QUICK READ: Spending too much leisure time in front of a TV or computer screen appears to dramatically increase the risk for heart disease and premature death from any cause, perhaps regardless of how much exercise one gets, according to a study published in the Journal of the American College of Cardiology. Obesity is the leading cause of death in America, costing the health care system $1.72 trillion and it’s getting worse.

QUICK READ: American teenagers and young adults are having less sex. Today’s young adults are on track to have fewer sex partners than members of the two preceding generations. People now in their early 20s are two and a half times as likely to be abstinent as Gen Xers were at that age; 15 percent report having had no sex since they reached adulthood. This is not something that can be solved by our pill culture.

QUICK READ:

  • 80% of employees at companies with robust health and wellness programs at work feel engaged and cared for by their employers.
  • When comparing employees with and without a wellness program at work over 18 months, those who had a wellness program had significantly higher rates of self-reported exercise (70% vs. 62%) and weight management efforts (69% vs. 55%).
  • The Center for Prevention and Health Services estimates that mental illness and substance abuse issues cost employers between $79 and $105 billion annually in indirect costs.

KEY TAKEAWAY:[inlinetweet prefix=”” tweeter=”” suffix=””] Nearly 40% of adults and 19% of youth are obese[/inlinetweet], the highest rate the country has ever seen in all adults, according to research released Friday by the National Center for Health Statistics.  This, of course, means that the public is going to be more dependent on prescription drugs to maintain their health at the same time they complain about big pharma.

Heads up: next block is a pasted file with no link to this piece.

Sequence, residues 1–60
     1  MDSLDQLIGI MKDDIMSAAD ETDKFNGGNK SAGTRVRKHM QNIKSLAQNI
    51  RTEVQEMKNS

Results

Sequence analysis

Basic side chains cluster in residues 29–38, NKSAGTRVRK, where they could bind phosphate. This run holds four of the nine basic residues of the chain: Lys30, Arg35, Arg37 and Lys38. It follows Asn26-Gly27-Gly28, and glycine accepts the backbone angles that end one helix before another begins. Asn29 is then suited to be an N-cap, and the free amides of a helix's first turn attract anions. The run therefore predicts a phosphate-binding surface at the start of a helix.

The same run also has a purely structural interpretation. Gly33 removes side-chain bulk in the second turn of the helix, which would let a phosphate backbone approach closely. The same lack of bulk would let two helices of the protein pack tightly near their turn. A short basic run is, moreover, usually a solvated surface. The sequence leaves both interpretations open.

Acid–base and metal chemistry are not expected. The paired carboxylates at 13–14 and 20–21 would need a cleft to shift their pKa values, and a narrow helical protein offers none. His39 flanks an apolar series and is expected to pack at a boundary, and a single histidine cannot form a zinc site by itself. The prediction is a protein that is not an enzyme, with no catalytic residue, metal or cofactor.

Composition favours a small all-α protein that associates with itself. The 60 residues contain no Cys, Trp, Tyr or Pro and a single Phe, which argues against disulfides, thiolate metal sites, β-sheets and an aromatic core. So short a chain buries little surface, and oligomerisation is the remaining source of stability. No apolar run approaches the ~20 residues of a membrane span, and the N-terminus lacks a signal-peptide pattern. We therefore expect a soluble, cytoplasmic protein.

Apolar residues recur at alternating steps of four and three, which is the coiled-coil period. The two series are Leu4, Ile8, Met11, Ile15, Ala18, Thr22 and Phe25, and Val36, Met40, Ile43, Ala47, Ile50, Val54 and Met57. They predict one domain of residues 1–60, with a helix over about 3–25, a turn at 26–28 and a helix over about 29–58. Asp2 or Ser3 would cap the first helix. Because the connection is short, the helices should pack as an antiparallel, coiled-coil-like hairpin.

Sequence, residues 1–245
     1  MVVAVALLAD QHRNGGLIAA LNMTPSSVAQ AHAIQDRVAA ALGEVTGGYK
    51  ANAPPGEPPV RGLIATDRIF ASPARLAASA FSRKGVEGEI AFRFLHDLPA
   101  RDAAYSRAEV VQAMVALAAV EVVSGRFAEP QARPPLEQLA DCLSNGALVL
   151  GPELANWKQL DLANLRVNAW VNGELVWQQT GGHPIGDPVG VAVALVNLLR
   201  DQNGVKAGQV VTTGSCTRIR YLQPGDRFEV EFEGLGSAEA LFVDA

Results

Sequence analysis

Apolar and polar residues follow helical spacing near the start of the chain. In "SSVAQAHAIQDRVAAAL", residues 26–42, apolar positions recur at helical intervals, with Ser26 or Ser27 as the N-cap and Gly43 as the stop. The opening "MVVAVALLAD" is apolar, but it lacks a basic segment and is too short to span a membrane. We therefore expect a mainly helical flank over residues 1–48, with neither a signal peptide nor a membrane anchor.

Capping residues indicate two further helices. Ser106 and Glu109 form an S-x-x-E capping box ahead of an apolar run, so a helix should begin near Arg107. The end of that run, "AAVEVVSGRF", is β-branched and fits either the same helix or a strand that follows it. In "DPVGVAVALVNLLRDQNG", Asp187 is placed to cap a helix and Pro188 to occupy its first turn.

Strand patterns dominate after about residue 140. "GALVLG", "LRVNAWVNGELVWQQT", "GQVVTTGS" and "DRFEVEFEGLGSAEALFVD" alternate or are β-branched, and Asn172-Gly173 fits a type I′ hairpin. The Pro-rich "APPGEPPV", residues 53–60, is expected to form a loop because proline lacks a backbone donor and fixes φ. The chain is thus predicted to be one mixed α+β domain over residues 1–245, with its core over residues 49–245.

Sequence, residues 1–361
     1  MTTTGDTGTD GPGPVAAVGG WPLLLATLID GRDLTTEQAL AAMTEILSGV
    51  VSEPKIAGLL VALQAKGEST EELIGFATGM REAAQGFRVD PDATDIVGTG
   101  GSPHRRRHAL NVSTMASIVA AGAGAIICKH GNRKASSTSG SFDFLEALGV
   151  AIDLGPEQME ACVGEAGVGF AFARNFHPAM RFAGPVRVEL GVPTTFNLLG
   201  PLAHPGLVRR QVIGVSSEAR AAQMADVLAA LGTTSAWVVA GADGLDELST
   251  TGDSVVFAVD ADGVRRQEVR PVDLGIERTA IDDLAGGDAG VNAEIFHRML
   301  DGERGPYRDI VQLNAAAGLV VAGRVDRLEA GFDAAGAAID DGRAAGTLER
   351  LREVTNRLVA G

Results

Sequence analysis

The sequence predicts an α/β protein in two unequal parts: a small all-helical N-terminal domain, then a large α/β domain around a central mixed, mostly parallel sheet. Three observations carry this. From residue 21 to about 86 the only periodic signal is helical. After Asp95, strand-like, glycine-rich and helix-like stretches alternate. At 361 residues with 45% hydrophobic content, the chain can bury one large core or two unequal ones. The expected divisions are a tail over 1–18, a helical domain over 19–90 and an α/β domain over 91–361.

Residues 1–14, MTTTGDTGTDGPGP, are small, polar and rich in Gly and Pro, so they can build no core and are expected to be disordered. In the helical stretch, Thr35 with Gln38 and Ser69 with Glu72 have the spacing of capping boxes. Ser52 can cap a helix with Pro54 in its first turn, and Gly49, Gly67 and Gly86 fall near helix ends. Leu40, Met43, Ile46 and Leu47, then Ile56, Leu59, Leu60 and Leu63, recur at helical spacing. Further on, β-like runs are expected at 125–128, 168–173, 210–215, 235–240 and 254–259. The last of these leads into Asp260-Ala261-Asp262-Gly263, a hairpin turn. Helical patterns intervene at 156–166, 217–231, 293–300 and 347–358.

KEY TAKEAWAY: With an aging Baby Boomer population, the biggest threat to those that continue to try and build careers is being a caregiver.  More than three quarters (78%) of caregivers are incurring out-of-pocket costs as a result of caregiving. AARP estimates that family [inlinetweet prefix=”” tweeter=”” suffix=””]caregivers, on average, are spending roughly $7,000 per year ($6,954) on out-of-pocket costs related to caregiving in 2016.[/inlinetweet]

screenshot_180Perhaps the way to truly demonstrate problems with our health care system is to share personal stories about failures of living in what some say “is the best healthcare system” in the world.  This is a story of my friend Pete and I urge you to read and share this story so others might learn and understand that we still have a long way to go.

UnknownPOST SUMMARY: I spent a lot of time this year leading qualitative research along with analyzing quantitative research.  I keep all the research report findings in a binder and while it’s true that a lot of the insights can’t be applied across all health conditions there are some common needs/wants.  Here are some of the most common..

ditchroiPOST SUMMARY: It’s hard to have a meeting to discuss new DTC marketing initiatives without the dreaded ROI discussion. I understand that the current business environment in biopharma is about creating customers, but the problem is that consumers today don’t want to be sold.  If you really want to closer to your customers, find ways to help them make better healthcare decisions and get good credible health information.